Josh Ahner wants to attend Cincinnati Pride. He’s never been to one before, but this feels like the right year to start.
“In early May, I came out to my family,” says Ahner, who lives in Dayton. “My parents were not accepting of me. One of my friends said, ‘You should go to Pride. They’re all accepting.’ ”
The problem is that Ahner doesn’t have a car, which makes it tough to attend any events on the month-long Cincinnati Pride calendar. While much of Pride will take place virtually this year—the parade was cancelled in February—Ahner still has plenty of reasons for wanting to get involved in Cincinnati’s LGBTQ+ community.
For one, there’s the support system. He hasn’t found much of that within his family: Ahner has been with his boyfriend for since August—nearly a year ago—but only came out to his brother this spring. His brother was supportive, but warned Ahner that their parents might have a different opinion.
Before Ahner could tell his mom and dad, his sister beat him to it. Since then, he says he’s received some “not very nice messages” from some family members. Last month, he was diagnosed with depression.
“I literally think it’s just from my family finding out that I’m gay,” he says. “And I’ve been…telling myself I’m happy, but it’s really hard when I don’t really have much support aside from my boyfriend and three of my best friends.”
Ahner also wants to get involved with Cincinnati Pride because when he’s visited the city, he’s felt accepted. On a recent trip downtown, he felt comfortable enough to wear a Pride T-shirt. The only comments he received were positive ones.
“I tend to be a little bit self-conscious and take everything a different way,” Ahner says. “I got a little bit tensed up. My boyfriend said, ‘They’re supporting you. They’re not saying anything bad about you.’ ”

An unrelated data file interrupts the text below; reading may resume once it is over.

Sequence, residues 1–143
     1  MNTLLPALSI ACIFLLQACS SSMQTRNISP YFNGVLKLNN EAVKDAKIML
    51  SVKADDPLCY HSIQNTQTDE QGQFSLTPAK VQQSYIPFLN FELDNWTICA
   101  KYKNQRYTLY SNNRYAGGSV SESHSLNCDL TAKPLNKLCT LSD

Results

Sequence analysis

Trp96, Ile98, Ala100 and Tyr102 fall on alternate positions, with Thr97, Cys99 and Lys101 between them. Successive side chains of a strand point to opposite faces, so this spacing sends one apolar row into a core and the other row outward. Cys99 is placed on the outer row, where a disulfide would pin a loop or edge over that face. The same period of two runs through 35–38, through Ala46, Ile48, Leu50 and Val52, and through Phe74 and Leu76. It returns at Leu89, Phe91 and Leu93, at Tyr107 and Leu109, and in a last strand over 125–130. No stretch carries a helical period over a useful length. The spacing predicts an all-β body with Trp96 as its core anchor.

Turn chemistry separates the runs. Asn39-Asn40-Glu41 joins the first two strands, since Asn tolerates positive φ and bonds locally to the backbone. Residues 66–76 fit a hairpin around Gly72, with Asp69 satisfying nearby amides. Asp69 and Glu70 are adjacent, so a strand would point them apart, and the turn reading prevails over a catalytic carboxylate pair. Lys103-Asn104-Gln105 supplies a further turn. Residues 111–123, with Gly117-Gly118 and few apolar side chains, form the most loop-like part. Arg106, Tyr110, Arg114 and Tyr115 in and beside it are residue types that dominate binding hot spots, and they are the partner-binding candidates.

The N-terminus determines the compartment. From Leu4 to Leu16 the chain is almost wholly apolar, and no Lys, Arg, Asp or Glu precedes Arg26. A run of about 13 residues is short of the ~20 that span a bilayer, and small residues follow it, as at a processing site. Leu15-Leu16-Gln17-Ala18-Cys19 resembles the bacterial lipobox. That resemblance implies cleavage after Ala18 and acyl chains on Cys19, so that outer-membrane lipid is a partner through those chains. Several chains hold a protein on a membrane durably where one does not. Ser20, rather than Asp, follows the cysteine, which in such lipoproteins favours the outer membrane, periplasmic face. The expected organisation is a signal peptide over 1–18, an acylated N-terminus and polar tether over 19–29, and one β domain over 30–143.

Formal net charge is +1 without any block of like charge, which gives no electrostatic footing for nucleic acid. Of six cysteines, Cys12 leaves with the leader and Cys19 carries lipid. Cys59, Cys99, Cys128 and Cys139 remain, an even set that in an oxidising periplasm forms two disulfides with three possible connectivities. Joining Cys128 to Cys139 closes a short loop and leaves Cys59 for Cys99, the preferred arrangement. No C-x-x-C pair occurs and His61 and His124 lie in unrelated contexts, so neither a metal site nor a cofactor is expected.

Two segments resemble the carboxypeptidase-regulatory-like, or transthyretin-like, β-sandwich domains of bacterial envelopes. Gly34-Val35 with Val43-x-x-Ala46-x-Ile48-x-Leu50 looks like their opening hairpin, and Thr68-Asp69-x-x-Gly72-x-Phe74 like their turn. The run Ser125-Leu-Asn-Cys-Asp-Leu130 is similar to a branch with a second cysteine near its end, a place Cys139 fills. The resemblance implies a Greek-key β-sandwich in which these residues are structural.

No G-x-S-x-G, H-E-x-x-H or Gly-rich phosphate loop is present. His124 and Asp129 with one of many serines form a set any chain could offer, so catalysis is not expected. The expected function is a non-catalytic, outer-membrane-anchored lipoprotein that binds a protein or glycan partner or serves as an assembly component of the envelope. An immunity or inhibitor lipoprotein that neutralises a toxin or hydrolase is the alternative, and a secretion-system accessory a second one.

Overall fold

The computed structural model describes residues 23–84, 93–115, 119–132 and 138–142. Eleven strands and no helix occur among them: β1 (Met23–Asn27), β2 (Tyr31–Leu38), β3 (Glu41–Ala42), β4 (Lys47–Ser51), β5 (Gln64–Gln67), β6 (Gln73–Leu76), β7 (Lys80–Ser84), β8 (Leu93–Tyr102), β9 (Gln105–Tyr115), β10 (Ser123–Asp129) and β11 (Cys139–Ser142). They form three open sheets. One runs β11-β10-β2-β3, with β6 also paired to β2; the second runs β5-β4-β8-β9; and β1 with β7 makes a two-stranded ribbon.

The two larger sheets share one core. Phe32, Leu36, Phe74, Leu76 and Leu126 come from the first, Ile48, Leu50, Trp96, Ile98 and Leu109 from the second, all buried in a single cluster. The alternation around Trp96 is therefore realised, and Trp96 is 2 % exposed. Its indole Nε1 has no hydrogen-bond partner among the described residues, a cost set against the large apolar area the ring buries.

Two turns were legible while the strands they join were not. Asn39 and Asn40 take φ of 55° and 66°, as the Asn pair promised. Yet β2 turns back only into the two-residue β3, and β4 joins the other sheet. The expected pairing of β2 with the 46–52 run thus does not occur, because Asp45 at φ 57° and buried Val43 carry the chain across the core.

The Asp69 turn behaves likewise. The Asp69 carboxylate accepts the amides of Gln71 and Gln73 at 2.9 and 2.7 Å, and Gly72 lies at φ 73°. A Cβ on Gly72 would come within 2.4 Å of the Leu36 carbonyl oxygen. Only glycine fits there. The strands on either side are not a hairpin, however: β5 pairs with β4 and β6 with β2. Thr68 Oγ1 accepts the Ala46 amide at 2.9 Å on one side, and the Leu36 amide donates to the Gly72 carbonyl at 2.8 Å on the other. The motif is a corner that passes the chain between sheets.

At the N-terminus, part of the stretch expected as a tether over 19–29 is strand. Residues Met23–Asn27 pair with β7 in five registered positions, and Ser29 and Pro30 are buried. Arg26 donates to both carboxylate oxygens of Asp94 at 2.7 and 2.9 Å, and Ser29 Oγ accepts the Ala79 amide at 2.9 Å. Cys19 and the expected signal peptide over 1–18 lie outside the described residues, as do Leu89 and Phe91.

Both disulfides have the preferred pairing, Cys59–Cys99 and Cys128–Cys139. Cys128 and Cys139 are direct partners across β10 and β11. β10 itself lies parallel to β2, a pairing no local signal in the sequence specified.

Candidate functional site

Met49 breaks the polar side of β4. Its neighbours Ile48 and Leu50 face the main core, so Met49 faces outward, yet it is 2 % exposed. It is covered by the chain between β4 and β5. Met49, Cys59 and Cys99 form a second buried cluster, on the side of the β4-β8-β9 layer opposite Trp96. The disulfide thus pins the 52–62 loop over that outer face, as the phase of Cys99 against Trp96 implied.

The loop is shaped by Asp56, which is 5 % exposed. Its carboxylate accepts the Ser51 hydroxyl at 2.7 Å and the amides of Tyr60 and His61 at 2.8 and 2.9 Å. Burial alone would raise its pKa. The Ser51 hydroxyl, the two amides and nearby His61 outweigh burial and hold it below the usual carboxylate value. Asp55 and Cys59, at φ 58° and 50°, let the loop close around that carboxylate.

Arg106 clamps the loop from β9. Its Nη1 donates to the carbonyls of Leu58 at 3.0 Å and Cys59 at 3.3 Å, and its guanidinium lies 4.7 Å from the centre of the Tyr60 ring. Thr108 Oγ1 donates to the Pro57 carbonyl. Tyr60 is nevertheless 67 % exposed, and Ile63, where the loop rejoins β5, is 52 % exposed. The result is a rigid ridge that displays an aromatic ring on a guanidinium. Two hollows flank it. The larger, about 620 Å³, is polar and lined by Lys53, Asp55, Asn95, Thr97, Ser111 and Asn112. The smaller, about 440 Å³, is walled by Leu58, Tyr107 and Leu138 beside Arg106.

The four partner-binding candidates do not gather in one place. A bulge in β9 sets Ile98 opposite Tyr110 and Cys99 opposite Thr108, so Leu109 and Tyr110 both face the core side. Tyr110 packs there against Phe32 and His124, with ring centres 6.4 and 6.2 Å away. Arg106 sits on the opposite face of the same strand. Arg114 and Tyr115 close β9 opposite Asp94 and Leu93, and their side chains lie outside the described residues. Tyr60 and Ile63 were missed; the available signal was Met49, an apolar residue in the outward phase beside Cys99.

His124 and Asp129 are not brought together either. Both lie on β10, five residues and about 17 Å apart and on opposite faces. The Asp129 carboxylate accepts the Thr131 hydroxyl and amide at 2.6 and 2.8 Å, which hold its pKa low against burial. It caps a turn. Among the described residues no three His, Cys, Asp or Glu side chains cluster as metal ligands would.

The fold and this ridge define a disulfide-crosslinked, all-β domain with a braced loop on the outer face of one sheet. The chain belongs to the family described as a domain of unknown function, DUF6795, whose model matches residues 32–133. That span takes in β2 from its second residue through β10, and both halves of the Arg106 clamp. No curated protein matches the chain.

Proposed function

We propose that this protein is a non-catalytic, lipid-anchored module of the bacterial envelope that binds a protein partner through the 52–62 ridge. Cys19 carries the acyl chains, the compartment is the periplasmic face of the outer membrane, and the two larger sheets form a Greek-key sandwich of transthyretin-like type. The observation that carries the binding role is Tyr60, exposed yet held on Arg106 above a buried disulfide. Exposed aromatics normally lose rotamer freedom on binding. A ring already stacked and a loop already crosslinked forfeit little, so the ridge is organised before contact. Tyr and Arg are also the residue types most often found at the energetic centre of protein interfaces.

The next time Ahner heard a compliment, he said, “Thank you.”
“It’s hard to hear the positivity when I’ve constantly been hearing negativity from my family,” he says.
A self-described military brat, Ahner moved around often when he was younger, including a stint in California during middle school. While he was there, he attended a Pride event in downtown Los Angeles through his school.
“I was still trying to figure myself out,” he says. “And I told my friends, ‘If I lived here one more year, I would gladly go down next year with you guys.’ ”
But instead, Ahner and his family moved to New York. He hasn’t been to a Pride event since.
For those like Ahner who are searching for a way to participate in this year’s Pride events, Benjamin Morano, Cincinnati Pride board member and festival/parade planning chairperson, suggests turning to social media, where users can find a variety of Facebook groups (including for Cincinnati Pride) devoted to LGBTQ resources. Participants often use those platforms to find a ride to event, or to look for a group to attend with. Plus, folks in these groups want others to get involved with the community—they want to help.
“I just want to experience love and acceptance because I have a little bit of love from my boyfriend, but I don’t have that much support out here,” Ahner says.
He imagines that, by getting more involved with Cincinnati’s LGBTQ community, he might one day serve as one of those resources.
“I want to do more to help out with kids that are wanting to come out and be there for them emotionally and be supportive,” he says. “I want to be a resource and gain some more resources for myself.”